SOURCE: Judicial Watch

Judicial Watch

August 10, 2012 19:42 ET

Judicial Watch, Statement Regarding Judge's Decision Granting Maryland Voters Right to Vote on Maryland's Gerrymandered Congressional Redistricting Map

Maryland Democrats Fail to Keep Redistricting Plan Referendum Off November Ballot

WASHINGTON, DC--(Marketwire - Aug 10, 2012) -'s Chairman Delegate Neil Parrott and Judicial Watch President Tom Fitton issued a statement today following a Maryland circuit court decision that gives a green light to an Election Day voter referendum on Maryland's new gerrymandered Congressional Districting Plan. The circuit court judge today shot down an effort by the state Democrat party that sought to remove the issue from the November ballot (Dennis Whitley, III, et al., v. Maryland State Board of Elections, et al. (No. 02-C-12-171365)). The judge had previously granted a motion by to intervene in the lawsuit. launched a successful petition drive to put the Congressional Districting Plan to a referendum November 2012 because gerrymandered maps minimize the voting power of certain groups. Maryland Democrats filed a lawsuit to stop the referendum from going forward. Judicial Watch is representing in the court proceedings.

Delegate Neil Parrott, Chairman of said, "This victory is a huge victory for all Maryland voters and brings us one step closer to allowing Marylanders to vote on what appears to be the most gerrymandered and convoluted congressional redistricting map in the country.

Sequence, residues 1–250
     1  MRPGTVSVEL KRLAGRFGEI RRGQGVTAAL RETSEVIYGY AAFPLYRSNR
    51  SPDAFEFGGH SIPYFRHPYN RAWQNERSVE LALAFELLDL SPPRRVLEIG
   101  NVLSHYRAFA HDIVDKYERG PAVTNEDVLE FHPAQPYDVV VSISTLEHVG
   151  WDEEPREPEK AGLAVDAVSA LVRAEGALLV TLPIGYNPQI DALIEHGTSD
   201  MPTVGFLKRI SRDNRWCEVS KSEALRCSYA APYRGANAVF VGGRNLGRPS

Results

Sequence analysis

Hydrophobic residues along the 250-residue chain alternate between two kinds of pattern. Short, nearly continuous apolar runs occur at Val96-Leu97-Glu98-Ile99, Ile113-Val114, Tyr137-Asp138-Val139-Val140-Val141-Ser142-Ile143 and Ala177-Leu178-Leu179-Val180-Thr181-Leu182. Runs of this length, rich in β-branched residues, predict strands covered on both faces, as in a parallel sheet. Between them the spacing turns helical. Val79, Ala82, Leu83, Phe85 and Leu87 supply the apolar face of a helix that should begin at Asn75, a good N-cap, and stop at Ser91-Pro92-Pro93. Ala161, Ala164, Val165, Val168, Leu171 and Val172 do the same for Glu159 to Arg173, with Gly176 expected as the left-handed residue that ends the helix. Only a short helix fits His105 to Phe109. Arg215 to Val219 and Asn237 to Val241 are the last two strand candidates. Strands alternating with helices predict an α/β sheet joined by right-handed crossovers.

"Voters from across the state worked hard to get the signatures to bring this bill to referendum. Now is the time to let the people vote."

"Governor O'Malley and certain Democrat powerbrokers come closer to facing the will of the people of Maryland," said Judicial Watch President Tom Fitton. "'s successful petition drive earned Marylanders of both parties the right to vote up or down on Maryland's new Congressional District Plan."

On October 20, 2011, Governor Martin O'Malley (D-MD) signed the new Congressional Districting Plan into law, drawing heavy criticism from both political parties. Critics maintain the new congressional map is specifically designed to enhance the power of Democrat incumbents while minimizing the voting power of minorities, rural voters and Republicans.

As noted by a Washington Post editorial: "The map, drafted under Mr. O'Malley's watchful eye, mocks the idea that voting districts should be compact or easily navigable. The eight districts respect neither jurisdictional boundaries nor communities of interest. To protect incumbents and for partisan advantage, the map has been sliced, diced, shuffled and shattered, making districts resemble studies in cubism."


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